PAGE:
The War on Vaping in Singapore and Asia


As of February 1st, 2018, vaping and other e-cigarettes will be outlawed across the country. Who’s to blame and what are they trying to achieve?

 

As vaping gains traction and increases in popularity around the world, it’s always surprising to see the opposite side of a story. As governments in the United Kingdom move towards e-cigarettes as a potential tool to help smokers quit smoking, some governments like Singapore move in completely the opposite direction. As of February 1st, 2018, it will be illegal for locals and tourists to own or use an e-cigarette or vaporizer.

 

The new laws cover the possession, purchase or use of e-cigarettes and vaporizers in Singapore and come along with a hefty USD 1,500 fine. The importation of vaping products and e-cigarettes has been illegal since August 1st, 2016 and comes with a hefty $10,000 fine and six months in prison. For locals and tourists, it’s important that you know and understands the rules about vaping before you visit a new country. Ignorance of the law is no excuse, and often tourists and visitors face much more scrutiny than the locals. Before you travel, check the rules of regulations of each country you’re going to be visiting or transiting through.

 

Singapore has strict laws in place to help maintain the image of a safe and clean place for tourists to visit and people to live. They strict laws governing drug sale, importation, possession and even having drugs in your system is a criminal offense. They also have strict punishment banning the use of chewing gum or bubble gum, jaywalking, spitting and graffiti.

 

The World Health Organization has a lot to answer for when it comes to the laws surrounding vaping and the use of e-cigarettes. There cautious approach to e-cigarettes is not due to specific scientific studies, rather the lack of long-term studies which have been undertaken.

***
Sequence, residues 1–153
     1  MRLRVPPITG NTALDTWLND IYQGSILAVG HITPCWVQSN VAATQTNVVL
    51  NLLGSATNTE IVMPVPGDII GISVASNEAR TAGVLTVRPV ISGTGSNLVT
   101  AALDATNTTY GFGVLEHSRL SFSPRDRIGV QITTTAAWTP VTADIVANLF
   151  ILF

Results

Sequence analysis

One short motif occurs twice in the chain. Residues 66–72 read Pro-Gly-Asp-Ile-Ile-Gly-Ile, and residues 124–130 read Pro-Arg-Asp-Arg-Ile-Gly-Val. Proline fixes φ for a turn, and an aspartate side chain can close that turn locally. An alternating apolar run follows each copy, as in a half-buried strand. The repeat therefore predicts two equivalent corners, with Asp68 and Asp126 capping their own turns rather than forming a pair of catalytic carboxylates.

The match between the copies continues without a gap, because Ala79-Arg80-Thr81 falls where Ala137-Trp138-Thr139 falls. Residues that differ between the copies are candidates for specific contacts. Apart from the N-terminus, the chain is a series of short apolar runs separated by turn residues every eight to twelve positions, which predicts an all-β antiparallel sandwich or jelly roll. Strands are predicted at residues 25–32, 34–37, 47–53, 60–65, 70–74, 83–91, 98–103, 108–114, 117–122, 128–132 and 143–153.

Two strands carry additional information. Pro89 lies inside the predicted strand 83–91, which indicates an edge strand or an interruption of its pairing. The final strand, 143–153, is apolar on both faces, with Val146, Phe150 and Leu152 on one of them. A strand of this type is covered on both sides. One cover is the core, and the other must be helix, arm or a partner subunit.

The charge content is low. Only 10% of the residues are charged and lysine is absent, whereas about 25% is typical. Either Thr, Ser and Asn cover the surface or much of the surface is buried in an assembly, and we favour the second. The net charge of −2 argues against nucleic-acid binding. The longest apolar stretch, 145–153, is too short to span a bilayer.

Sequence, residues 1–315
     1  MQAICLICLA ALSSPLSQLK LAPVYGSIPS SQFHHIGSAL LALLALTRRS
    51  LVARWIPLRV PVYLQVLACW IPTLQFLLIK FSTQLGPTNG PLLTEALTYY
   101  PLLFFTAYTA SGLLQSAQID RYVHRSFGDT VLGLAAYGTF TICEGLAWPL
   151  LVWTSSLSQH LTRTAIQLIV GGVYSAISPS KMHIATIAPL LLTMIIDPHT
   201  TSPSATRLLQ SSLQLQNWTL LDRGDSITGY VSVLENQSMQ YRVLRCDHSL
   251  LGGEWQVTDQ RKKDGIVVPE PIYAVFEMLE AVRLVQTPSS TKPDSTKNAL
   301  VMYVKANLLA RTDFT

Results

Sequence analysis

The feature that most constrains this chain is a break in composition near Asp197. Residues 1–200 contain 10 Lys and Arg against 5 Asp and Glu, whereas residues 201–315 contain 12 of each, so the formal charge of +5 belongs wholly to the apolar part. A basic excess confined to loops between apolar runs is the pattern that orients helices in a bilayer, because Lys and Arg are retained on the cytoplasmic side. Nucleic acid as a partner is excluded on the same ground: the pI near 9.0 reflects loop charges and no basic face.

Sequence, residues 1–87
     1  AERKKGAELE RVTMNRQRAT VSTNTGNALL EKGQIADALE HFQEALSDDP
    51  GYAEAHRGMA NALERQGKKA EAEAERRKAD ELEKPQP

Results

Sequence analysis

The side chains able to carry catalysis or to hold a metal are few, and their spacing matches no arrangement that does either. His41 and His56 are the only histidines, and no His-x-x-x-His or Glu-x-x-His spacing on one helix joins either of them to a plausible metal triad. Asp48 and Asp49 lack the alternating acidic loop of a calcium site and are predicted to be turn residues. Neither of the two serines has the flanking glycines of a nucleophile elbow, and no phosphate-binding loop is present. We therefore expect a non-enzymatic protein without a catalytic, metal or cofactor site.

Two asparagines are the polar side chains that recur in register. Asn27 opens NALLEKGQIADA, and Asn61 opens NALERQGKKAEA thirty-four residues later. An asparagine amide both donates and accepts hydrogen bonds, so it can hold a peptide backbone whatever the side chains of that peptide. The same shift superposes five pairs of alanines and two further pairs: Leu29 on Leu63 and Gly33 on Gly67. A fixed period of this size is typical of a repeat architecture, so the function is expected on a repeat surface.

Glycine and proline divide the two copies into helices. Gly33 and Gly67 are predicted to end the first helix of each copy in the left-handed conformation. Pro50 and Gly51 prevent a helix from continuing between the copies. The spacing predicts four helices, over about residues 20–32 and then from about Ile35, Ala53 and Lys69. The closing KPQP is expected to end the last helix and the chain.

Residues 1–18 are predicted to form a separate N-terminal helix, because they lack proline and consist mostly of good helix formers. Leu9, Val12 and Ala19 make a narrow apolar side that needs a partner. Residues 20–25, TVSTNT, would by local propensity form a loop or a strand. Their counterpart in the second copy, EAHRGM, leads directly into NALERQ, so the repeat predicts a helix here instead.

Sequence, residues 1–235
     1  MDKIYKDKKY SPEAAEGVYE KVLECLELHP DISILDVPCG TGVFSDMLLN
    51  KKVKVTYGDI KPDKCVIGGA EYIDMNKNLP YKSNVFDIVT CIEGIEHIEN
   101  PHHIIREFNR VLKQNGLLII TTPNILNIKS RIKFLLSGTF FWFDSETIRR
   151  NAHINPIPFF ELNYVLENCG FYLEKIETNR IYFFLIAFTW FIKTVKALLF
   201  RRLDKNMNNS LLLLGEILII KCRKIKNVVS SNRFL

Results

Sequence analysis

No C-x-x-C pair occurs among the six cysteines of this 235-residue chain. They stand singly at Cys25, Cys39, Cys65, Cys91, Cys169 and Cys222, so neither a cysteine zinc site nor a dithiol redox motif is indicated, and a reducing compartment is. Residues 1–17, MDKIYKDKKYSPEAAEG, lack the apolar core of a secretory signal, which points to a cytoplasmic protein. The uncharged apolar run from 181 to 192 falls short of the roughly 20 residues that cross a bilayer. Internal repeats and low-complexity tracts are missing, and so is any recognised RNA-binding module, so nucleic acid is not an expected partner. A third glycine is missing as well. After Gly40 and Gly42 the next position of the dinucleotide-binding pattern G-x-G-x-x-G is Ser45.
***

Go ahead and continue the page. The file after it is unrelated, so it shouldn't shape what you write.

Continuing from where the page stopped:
Q: So, are they right or wrong? A: There is some difference of opinion on how to interpret the science. But the main disagreement is over what to do in terms of regulation and what regulation can achieve, given that current scientific evidence on e-cigarettes is limited. Our view is that regulation should bring the best out of any product while minimizing the worst: a very difficult balance to achieve. In this case, probably, there is no clear right or wrong.

 

That is a quote taken directly from the WHO discussion on e-cigarettes. There is no clear evidence either way about e-cigarettes and the dangers associated with them, but after what happened with traditional cigarettes, many governments are quite scared about supporting any product which contains nicotine.

 

There is a war brewing between e-cigarettes and traditional tobacco companies. With tobacco products worth an estimated 600 billion dollars per year, there’s quite a lot at stake. Another interesting party which has been influencing e-cigarette legislation is traditional nicotine replacement therapy (NRT) products and companies. Quitting smoking is another huge industry largely owned and operated by big pharmaceutical companies. Patches, pills, creams, chewing gums and much more generate huge incomes annually for pharmaceutical companies around the world. Tax revenue generated by cigarettes and the problems associated with traditional cigarettes has governments erring on the side of caution, or profit, but either way, it spells trouble for vaping.

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04 Jun 2018


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